15. Stackebrandt E, Rainey F, Ward-Rainey N. Proposal for a new hierarchic classification system, Actinobacteria classis nov. Int J Syst Bacteriol 1997; 47:479–491. http://dx.doi.org/10.1099/00207713-47-2-479View ArticleGoogle Scholar
  16. Zhi XY, Li WJ, Stackebrandt E. An update of the structure and 16S rRNA gene sequence-based definition of higher ranks of the class Actinobacteria, with the proposal of two new suborders and four new families and emended descriptions of the existing higher taxa. Int J Syst Bacteriol 2009; 59:589–608. PubMedView ArticleGoogle Scholar
  17. Skerman VBD, McGowan V, Sneath PHA. Approved Lists of Bacterial Names. Int J Syst Bacteriol 1980; 30:225–420. http://dx.doi.org/10.1099/00207713-30-1-225View ArticleGoogle Scholar
  18. Buchanan RE. Studies in the nomenclature and classification of bacteria. II. The primary subdivisions of the Schizomycetes. J Bacteriol 1917; 2:155–164. PubMedPubMed CentralPubMedGoogle Scholar
  19. Pribram E. A contribution to the classification of microorganisms. J Bacteriol 1929; 18:361–394. PubMedPubMed CentralPubMedGoogle Scholar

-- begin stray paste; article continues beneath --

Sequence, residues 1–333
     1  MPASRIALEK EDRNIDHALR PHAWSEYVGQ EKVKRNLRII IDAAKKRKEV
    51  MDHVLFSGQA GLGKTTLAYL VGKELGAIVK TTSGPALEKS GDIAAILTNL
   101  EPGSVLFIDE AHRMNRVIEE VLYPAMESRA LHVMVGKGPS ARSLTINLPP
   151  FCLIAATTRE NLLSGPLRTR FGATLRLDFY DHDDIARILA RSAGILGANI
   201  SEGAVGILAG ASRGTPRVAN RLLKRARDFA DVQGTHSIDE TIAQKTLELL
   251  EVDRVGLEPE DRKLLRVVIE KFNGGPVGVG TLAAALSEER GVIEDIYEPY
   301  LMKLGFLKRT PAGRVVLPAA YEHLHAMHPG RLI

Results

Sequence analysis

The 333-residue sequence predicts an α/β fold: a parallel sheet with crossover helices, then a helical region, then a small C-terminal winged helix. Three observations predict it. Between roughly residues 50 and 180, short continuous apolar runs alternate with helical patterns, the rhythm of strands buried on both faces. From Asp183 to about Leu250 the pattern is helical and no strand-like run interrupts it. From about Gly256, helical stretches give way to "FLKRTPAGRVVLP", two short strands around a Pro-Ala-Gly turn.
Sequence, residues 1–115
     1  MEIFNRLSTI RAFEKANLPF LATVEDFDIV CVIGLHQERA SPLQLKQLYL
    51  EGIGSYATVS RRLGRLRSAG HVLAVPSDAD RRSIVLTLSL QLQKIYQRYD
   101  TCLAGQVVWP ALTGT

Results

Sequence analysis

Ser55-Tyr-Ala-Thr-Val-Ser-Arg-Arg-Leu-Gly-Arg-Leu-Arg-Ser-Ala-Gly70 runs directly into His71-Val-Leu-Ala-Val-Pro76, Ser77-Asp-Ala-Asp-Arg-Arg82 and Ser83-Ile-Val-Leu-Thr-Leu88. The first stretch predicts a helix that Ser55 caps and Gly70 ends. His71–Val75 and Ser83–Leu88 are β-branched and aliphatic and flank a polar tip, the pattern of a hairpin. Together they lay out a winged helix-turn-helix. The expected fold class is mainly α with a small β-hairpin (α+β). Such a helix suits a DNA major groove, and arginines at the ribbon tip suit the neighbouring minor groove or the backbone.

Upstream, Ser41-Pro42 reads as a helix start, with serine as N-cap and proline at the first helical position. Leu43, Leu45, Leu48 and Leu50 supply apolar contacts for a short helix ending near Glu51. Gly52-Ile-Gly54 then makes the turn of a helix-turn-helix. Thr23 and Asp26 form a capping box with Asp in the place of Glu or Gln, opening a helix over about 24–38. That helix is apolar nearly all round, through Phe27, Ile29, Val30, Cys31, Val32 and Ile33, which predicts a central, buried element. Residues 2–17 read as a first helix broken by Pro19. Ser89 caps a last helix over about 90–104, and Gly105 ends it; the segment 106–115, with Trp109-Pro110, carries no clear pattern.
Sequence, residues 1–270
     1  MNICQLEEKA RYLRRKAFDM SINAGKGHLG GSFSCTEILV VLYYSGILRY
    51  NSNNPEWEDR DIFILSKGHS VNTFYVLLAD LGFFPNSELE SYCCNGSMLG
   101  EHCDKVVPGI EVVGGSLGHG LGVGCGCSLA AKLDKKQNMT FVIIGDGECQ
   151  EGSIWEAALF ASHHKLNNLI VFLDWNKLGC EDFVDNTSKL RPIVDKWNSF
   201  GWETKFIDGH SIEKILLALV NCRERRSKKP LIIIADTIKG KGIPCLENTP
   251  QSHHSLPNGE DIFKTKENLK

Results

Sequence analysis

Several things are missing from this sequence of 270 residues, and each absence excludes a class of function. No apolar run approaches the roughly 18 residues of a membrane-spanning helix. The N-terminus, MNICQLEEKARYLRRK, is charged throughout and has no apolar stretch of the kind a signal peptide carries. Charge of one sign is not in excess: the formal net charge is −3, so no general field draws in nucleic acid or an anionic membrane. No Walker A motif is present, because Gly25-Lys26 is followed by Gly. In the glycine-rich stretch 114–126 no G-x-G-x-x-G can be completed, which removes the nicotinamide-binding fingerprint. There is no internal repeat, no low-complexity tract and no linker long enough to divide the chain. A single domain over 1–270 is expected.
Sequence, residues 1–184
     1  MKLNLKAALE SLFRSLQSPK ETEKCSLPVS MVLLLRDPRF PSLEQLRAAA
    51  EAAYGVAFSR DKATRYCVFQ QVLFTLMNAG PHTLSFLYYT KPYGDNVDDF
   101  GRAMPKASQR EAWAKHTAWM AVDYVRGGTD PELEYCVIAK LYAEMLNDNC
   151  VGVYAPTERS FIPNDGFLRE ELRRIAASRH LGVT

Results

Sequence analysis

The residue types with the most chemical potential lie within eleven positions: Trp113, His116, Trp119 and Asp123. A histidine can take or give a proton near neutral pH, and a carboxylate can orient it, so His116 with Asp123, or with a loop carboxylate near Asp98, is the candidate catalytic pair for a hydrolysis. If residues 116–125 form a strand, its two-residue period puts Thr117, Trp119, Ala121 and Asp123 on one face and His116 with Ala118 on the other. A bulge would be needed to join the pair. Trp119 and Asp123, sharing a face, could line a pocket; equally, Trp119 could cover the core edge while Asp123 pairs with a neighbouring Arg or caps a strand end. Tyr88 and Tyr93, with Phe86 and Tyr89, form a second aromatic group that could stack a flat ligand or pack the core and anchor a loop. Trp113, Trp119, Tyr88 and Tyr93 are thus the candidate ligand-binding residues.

20. Conn HJ, Dimmick I. Soil bacteria similar In morphology to Mycobacterium and Corynebacterium. J Bacteriol 1947; 54:291–303. PubMedPubMed CentralPubMedGoogle Scholar
  21. Koch C, Schumann P, Stackebrandt E. Reclassification of Micrococcus agilis (Ali-Cohen 1889) to the genus Arthrobacter as Arthrobacter agilis comb. nov. and emendation of the genus Arthrobacter. Int J Syst Bacteriol 1995; 45:837–839. PubMed http://dx.doi.org/10.1099/00207713-45-4-837View ArticlePubMedGoogle Scholar
  22. Keddie RM. Genus II. Arthrobacter Conn and Dimmick 1947, 300. In: Buchanan RE, Gibbons NE (eds), Bergey’s Manual of Determinative Bacteriology, Eighth Edition, The Williams and Wilkins Co., Baltimore, 1974, p. 618–625.Google Scholar
  23. Judicial Commission. Opinion 24. Rejection of the Generic Name Arthrobacter Fischer 1895 and Conservation of the Generic Name Arthrobacter Conn and Dimmick 1947. Int Bull Bacteriol Nomencl Taxon 1958; 8:171–172.Google Scholar
  24. Ashburner M, Ball CA, Blake JA, Botstein D, Butler H, Cherry JM, Davis AP, Dolinski K, Dwight SS, Eppig JT, et al. Gene Ontology: tool for the unification of biology. Nat Genet 2000; 25:25–29. PubMed http://dx.doi.org/10.1038/75556PubMed CentralView ArticlePubMedGoogle Scholar
  25. Field D, Garrity G, Gray T, Morrison N, Selengut J, Sterk P, Tatusova T, Thomson N, Allen MJ, Angiuoli SV, et al. The minimum information about a genome sequence (MIGS) specification. Nat Biotechnol 2008; 26:541–547. PubMed http://dx.doi.org/10.1038/nbt1360PubMed CentralView ArticlePubMedGoogle Scholar
  26. Ausubel FM, Brent R, Kingston RE, Moore DD, Seidman JG, Smith JA, Struhl K, eds. Current Protocols in Molecular Biology. Hoboken NJ: John Wiley & Sons; 2003.Google Scholar